The ISO standard has done a great job in synchronising and cleaning the syntax and core semantics of the language. However, the standardised core is too small to accommodate real applications, the process to enlarge is too slow (while some vendors do not even want to enlarge it) and there are no mechanisms that allow us to make even tiny incompatible changes needed to accommodate new features in a clean way. Especially this last restriction turns it into a practically dead language.

Below are a number of specific issues with the ISO standard that we experience as counterproductive.

Definition of error handling

ISO Prolog defines the behaviour of all built-in predicates both when operating on arguments within the meaningful domain for the predicate and when faced with illegal input, such as passing a non-list to the first argument of length/2. It often even defines the precise error that must be raised if the call is wrong for multiple reasons. We consider this counterproductive for the following reasons:

  • It puts an enormous stress on the ISO process itself. For example, defining that length(List, Len) is true when Len is the number of elements in the list List is easy. Defining that this predicate is non-deterministic if List is a partial list and Len is unbound is necessary. Defining what happens on length(List, -1) is also necessary, because this this can be a goal resulting from a sensible program.

    However, it makes little sense to define what happens on length(42, Len). The ISO committee decided this must fail because it wanted implementations to allow rewriting e.g., length(List,5) into List = [_,_,_,_,_] and 42 = [_,_,_,_,_] fails silently. These debates are involved, trying to balance between usefulness of an exception, performance costs and implementation effort to do the required checking, possibilities for rewriting (as with length/2), consistency, etc. There is no single truth here.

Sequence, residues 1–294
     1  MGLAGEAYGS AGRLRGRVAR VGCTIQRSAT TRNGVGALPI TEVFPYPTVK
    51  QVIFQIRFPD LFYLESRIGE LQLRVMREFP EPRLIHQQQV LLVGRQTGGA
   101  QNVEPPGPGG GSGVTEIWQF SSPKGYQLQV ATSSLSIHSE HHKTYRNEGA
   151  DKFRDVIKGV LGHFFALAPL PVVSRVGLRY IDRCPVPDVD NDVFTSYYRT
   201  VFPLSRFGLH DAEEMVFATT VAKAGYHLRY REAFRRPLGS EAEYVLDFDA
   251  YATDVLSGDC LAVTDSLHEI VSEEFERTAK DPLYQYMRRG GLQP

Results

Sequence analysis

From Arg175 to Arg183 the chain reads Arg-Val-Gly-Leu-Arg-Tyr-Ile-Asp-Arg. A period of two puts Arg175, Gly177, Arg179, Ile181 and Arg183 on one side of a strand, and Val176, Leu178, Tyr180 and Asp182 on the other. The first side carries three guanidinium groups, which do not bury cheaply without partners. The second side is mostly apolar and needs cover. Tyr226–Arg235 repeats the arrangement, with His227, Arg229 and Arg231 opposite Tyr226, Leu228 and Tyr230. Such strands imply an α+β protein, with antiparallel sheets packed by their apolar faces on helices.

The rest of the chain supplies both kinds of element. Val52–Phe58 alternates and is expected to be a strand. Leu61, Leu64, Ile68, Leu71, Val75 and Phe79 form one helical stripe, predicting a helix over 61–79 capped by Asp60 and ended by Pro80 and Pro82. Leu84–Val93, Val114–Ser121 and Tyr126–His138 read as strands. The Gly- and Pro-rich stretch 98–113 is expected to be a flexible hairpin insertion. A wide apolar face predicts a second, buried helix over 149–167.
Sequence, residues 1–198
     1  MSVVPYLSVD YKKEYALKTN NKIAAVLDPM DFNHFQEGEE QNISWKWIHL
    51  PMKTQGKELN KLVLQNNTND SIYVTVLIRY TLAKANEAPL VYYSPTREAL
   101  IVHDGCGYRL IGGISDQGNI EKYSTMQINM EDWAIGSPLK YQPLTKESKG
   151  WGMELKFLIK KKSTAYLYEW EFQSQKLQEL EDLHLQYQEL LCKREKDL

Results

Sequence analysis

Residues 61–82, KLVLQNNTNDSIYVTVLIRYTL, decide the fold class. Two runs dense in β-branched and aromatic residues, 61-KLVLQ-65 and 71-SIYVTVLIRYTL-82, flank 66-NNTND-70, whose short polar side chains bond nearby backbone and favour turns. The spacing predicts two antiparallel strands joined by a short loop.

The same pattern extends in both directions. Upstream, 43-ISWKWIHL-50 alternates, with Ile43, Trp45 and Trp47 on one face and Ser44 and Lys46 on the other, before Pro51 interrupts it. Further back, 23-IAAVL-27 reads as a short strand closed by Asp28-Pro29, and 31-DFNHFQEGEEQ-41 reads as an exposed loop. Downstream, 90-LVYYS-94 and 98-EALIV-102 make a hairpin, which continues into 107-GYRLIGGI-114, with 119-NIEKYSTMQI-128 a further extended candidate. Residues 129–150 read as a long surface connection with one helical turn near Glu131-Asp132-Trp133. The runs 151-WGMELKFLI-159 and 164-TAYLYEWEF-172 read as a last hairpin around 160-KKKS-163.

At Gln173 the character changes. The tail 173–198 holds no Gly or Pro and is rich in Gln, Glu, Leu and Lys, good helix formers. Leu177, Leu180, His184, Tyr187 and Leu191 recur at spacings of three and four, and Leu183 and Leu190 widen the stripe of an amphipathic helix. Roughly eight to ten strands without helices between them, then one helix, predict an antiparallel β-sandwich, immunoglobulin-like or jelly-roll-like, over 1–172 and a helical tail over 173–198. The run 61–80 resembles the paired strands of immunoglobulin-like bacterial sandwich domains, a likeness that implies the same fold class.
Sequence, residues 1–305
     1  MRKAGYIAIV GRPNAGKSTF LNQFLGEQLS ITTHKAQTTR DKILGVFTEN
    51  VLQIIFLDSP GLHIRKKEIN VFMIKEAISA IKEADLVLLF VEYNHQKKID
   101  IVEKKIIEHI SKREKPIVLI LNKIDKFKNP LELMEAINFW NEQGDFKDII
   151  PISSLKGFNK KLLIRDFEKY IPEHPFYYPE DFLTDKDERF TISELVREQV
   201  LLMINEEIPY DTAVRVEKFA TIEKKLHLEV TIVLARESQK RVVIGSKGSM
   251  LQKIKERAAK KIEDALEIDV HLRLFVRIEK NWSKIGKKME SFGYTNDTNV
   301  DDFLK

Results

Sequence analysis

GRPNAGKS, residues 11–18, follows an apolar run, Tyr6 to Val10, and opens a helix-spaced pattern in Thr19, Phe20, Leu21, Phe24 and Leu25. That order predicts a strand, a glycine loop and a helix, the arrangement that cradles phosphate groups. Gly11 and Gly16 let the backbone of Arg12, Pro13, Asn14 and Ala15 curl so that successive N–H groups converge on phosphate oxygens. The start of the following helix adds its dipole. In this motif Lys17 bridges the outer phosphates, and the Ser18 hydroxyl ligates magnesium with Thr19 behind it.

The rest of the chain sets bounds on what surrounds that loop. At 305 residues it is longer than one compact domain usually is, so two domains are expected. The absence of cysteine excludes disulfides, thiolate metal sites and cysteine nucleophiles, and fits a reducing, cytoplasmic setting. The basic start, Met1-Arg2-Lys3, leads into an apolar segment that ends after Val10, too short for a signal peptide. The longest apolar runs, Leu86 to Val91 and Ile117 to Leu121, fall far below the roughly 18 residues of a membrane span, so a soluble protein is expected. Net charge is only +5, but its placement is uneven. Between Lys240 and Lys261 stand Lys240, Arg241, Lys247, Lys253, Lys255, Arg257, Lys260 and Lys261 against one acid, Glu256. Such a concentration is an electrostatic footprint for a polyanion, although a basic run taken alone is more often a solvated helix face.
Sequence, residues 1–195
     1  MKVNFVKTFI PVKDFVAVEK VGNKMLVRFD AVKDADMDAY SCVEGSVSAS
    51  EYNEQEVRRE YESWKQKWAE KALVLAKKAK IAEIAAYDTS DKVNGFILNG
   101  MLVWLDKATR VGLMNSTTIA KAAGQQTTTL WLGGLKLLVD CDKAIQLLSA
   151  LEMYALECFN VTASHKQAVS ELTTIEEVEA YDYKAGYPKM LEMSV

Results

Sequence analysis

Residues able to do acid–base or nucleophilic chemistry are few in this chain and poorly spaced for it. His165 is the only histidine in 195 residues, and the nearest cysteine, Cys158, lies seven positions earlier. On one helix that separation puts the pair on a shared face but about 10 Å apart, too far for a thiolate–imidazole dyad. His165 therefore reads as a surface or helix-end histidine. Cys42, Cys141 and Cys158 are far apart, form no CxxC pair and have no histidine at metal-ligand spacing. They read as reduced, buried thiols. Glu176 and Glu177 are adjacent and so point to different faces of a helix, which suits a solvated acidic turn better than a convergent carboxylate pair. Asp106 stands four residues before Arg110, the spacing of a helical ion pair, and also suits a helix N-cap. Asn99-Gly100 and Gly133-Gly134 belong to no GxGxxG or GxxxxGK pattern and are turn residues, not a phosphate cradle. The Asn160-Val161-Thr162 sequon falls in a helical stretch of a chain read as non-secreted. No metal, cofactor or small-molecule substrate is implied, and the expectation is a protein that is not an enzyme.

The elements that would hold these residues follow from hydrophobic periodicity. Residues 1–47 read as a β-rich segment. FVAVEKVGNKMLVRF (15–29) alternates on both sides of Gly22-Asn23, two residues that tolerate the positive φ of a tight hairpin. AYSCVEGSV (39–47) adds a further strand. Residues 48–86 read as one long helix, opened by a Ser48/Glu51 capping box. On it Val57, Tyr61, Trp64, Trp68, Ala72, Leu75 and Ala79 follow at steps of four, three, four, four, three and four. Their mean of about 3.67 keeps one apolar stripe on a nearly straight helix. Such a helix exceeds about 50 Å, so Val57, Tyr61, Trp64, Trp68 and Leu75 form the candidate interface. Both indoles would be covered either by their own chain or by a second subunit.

• Defining the precise error or failure for basically invalid goals makes it hard for systems to comply because it assumes a certain implementation technique and order of execution. For example, consider meta-calling, where ISO dictates that call((fail,1)) must raise a type_error. Here, SWI-Prolog complies because call/1 compiles the argument before execution. Systems that prefer an opportunistic approach however will execute fail/0 and never try to execute the invalid 1.

    The precise error and failure conditions make it hard to perform program rewrites that now needs to maintain the exact behaviour on invalid input. It also does not allow for introducing exceptions in places where failure was prescribed because the costs of generating an exception was deemed to be too high by the ISO committee. It even disallows systems to reject goals like Len is A+B, length(Len, List) based on static analysis.

In the long run, we expect that SWI-Prolog will become a partially typed language. Type systems have to choose between decidability and expressiveness. Here, we plan to go for expressiveness by defining a type, mode and determinism annotation that can capture the richness of practical Prolog programming as we see it now. Based on that, we expect analysis tools that proof errors rather than correctness. Some of this is likely to be based on the Ciao assertion language.